On May 20th, 2014, my home state of Pennsylvania legalized same-sex marriage. A hometown girl at heart, I was thrilled that, when I was ready to get married, we’d be able to do it in the place I’d grown up. I thanked God for that day and couldn’t wait for my wedding day.
On June 19th, 2014, the Presbyterian Church (USA) voted for a language change to their Book of Order declaring that marriage happens “between two people.” A lifelong Presbyterian, I couldn’t believe that the denomination I loved was finally willing to accept my relationship. I thanked God for that day and couldn’t wait for my wedding day.
On June 26th, 2015, the Supreme Court ruled in the Obergefell v. Hodges case, deciding that state bans on same-sex marriage were unconstitutional. By that point I was engaged and the idea that my relationship would be recognized in all 50 states felt like a dream come true. I thanked God for that day and couldn’t wait for my wedding.
On June 12, 2016, Omar Mateen opened fire in Pulse Nightclub in Orlando and killed 49 LGBTQ people, mostly of Hispanic descent. When that happened, I wasn’t thinking about my wedding day.
The government, the Church, even I have spent a long time focusing on the issue of same-sex marriage. We have certainly made progress. But worrying about marriage didn’t stop those people from dying. It didn’t keep hatred, the kind that is just as easily found in fundamentalist Christianity as it is in Islamic fundamentalism, from stopping a man from seeing others as fully human. It won’t stop something like this from happening again.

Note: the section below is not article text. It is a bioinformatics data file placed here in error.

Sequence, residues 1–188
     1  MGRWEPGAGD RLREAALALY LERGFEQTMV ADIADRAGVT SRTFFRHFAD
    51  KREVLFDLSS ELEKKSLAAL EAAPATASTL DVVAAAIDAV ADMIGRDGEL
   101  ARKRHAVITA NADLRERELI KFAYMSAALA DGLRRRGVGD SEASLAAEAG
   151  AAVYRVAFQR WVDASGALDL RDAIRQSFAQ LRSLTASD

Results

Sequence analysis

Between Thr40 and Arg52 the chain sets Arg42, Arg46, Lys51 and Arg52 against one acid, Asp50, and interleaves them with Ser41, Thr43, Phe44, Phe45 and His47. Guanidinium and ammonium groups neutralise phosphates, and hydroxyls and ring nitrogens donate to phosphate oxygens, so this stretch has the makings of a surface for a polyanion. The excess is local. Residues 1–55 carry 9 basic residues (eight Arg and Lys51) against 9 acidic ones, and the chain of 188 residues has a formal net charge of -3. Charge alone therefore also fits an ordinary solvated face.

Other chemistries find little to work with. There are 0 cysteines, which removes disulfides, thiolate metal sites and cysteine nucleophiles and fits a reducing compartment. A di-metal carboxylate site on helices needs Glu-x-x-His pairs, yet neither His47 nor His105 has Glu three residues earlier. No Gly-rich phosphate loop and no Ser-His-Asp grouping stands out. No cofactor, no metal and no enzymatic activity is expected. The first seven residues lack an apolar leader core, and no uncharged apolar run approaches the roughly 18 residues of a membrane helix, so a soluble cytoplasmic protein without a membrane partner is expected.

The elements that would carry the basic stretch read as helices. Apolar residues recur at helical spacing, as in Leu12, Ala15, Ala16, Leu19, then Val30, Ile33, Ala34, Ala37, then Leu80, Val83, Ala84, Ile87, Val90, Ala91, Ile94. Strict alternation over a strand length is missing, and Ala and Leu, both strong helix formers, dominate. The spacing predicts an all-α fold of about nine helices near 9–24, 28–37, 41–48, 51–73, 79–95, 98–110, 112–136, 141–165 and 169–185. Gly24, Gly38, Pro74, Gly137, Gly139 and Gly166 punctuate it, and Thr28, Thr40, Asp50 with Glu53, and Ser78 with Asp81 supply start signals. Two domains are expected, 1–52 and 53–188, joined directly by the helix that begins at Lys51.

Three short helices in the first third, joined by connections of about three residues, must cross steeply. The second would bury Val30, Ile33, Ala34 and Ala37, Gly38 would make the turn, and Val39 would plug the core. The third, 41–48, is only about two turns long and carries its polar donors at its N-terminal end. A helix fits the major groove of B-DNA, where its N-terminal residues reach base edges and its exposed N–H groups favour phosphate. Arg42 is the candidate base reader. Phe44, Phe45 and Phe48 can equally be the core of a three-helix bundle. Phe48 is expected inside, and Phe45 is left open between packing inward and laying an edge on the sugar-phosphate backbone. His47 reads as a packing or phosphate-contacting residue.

Dr. King once said, “hate cannot drive out hate; only love can do that.” Perhaps we have been focused on the wrong kind of love.
The love of romantic relationships is beautiful and complex, but if we can’t have the basic love that comes from respect and seeing each other in the light of God, then all the work, all the approvals of the Church and the State, are worth nothing. Without understanding and working towards the love of individual human life, regardless of who they are, marriage has no meaning.
The love within a marriage is important, but it has no meaning if we don’t remember the words of Psalm 139:14: we are fearfully and wonderfully made. It has no meaning if we refuse to follow the commandments of Matthew 22:36-40: that we love God and love our neighbors as ourselves. It has no meaning if we don’t learn the lesson of 1 John: 7-21: that God lives in us when we love one another.
I still can’t wait to get married, but I also can’t wait for the day when LGBTQ people, especially black and brown LGBTQ people, don’t have to fear violence. I look forward to a day when no religion, especially Christianity, claims that anyone is unworthy of life. I am excited for the day when we can look at each other and see the love of God. On that day, I will know that my marriage will truly mean something.